The Use of Digital Humanities to Disseminate and Simplify Scholarly Articles to Non-Scholars

  • Ahmed K. Yousof Pennsylvania State University, Behrend College

Abstract

Kirschenbaum (2015) suggests that digital humanities today is about a scholarship (and a pedagogy) that is publicly visible in ways to which we are generally unaccustomed. Although essential to their work, practitioners abstain from reading research and scholarly articles due to the jargons and technical details that dominate those papers (Spiro, 2017). On the other hand, scholars and researchers are always committed to a set of highly crafted standards that govern academic publications. This session explores the role of digital humanities as a liaison between the complexity of scholarly publications and the simplicity of reception that characterizes the mentality of the non-scholarly audience. Based on Draxler’s (2009) concept of openness of digital humanities in disseminating knowledge among the public, the presentation aims at exploring and then providing scholars and researchers with digital tools that will allow them to reach larger audiences than the few who read academic journals, participate in public exchanges, and become more visible to non-scholars. Ultimately, openness promotes the larger goal of the humanities to democratize knowledge to reach out to ‘publics,’ share academic discoveries and invite an array of audiences to participate in knowledge production (Spiro, 2017)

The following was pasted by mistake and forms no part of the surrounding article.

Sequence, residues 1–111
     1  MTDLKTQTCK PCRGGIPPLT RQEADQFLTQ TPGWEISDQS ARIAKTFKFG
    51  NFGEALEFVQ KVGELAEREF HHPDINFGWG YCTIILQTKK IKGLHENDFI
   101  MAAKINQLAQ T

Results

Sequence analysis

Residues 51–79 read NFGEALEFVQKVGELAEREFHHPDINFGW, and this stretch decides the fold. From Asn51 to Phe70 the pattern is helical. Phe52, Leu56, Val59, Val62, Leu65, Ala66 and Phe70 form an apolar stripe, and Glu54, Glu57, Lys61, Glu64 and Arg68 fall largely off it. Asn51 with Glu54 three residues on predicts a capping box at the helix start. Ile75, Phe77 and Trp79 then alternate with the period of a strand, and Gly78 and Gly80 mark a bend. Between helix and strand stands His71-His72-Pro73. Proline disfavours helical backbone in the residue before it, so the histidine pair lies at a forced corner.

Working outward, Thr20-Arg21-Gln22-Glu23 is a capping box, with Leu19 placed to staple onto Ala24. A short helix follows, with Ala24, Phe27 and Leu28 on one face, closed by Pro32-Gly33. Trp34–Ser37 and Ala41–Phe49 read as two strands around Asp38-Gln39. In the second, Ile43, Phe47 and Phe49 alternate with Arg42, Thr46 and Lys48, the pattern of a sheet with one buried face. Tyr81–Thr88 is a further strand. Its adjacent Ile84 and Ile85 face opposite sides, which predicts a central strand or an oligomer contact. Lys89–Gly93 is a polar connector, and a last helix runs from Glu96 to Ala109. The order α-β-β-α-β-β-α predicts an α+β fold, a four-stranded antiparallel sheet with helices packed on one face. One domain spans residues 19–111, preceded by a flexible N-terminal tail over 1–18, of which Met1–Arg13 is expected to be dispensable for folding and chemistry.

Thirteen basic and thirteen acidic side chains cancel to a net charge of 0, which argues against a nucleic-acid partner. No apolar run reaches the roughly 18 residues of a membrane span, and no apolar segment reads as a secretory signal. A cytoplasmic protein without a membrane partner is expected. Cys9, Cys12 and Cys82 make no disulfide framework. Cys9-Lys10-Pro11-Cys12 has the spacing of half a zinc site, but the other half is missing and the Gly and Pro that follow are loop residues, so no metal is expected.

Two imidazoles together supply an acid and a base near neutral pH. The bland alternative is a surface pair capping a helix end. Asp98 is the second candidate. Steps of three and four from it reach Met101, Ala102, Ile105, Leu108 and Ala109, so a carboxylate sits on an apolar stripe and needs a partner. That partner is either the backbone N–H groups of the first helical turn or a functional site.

Published
2018-11-21
How to Cite
YOUSOF, Ahmed K.. The Use of Digital Humanities to Disseminate and Simplify Scholarly Articles to Non-Scholars. Proceedings of Indonesia Focus, [S.l.], v. 1, n. 1, nov. 2018. ISSN 2475-4005. Available at: <https://www.indonesiafocus.net/index.php/PIF/article/view/30>. Date accessed: 12 dec. 2019.